Students Screened For Depression are Twice as Likely To Be Treated


Universal school-based depression screening shows promise addressing mental health conditions in students.

Students who participated in a universal school-based depression screening were twice as likely to begin treatment than those who did not receive the screening, according to the results of a study by Penn State College of Medicine.

“Our study is publishing at a time when more adolescents are reporting symptoms of depression,” Deepa Sekhar, MD, a pediatrician at Penn State Health Children’s Hospital and executive director of Penn State PRO Wellness, said in a press release. “During the pandemic, concerns about increasing student depression have been widespread. Suicides, which are often associated with mental health conditions, are now the second-leading cause of adolescent death.”

Investigators discovered that universal school-based screening for depressive symptoms increased identification and treatment initiation.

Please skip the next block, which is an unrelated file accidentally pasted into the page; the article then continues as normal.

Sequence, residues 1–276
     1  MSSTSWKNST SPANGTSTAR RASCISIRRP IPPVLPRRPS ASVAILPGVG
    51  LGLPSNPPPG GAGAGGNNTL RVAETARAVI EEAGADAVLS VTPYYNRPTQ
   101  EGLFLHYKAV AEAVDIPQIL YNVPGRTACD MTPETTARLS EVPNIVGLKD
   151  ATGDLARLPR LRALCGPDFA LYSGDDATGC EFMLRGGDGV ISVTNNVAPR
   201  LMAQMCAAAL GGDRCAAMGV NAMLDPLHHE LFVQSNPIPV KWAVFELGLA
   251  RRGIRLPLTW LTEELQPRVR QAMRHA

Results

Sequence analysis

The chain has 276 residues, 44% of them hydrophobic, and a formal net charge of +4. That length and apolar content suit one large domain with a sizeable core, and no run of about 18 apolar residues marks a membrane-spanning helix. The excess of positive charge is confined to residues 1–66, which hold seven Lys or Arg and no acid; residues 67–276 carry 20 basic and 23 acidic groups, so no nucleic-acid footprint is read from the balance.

They also found greater identification of depressive symptoms among females and minority students, though these groups did not have greater treatment initiation.

In each school, 2 of the 4 grade levels were randomly assigned to be screened for depression symptoms through established questionnaires. The other student cohorts went through the school year as usual, receiving screening and support through a state-mandated student assistance program only if they were flagged based on concerning behavior.

Sekhar said that since most individuals are enrolled in public education, screening in schools can be an effective approach to identifying depressive systems. Currently, schools conduct vision and hearing screening to identify barriers to student academic success.

In the 3-year study published in JAMA Network Open, investigators gathered data on more than 12,000 students from 14 public high schools in Pennsylvania in grades 9 through 12. The students were predominantly minority, from urban and rural districts, and many were from low socioeconomical backgrounds.

“We want to focus next on what school districts, nationally, need to implement a universal screening program. We know support from administrators will be key, along with clear policies and procedures for screening and follow-up,” Sekhar said in the statement.


School-based screening increases identification of, treatment for depression. EurekAlert. News release. November 5, 2021. Accessed November 5, 2021.

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